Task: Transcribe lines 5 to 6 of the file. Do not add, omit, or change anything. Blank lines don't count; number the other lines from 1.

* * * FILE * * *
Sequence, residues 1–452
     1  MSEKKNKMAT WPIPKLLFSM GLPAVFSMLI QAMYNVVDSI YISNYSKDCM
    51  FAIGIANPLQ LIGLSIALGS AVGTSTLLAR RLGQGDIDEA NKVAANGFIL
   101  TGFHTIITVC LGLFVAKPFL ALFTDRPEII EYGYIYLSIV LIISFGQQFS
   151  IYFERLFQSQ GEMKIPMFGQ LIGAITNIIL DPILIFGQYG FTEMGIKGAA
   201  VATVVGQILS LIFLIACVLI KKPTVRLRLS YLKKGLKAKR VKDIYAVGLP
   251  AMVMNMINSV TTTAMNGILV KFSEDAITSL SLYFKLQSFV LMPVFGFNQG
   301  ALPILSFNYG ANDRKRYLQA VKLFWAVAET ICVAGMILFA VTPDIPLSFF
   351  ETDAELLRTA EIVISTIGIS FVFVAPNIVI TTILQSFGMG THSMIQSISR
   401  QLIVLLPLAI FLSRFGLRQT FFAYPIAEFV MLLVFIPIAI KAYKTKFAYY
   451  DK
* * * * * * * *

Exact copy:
   151  IYFERLFQSQ GEMKIPMFGQ LIGAITNIIL DPILIFGQYG FTEMGIKGAA
   201  VATVVGQILS LIFLIACVLI KKPTVRLRLS YLKKGLKAKR VKDIYAVGLP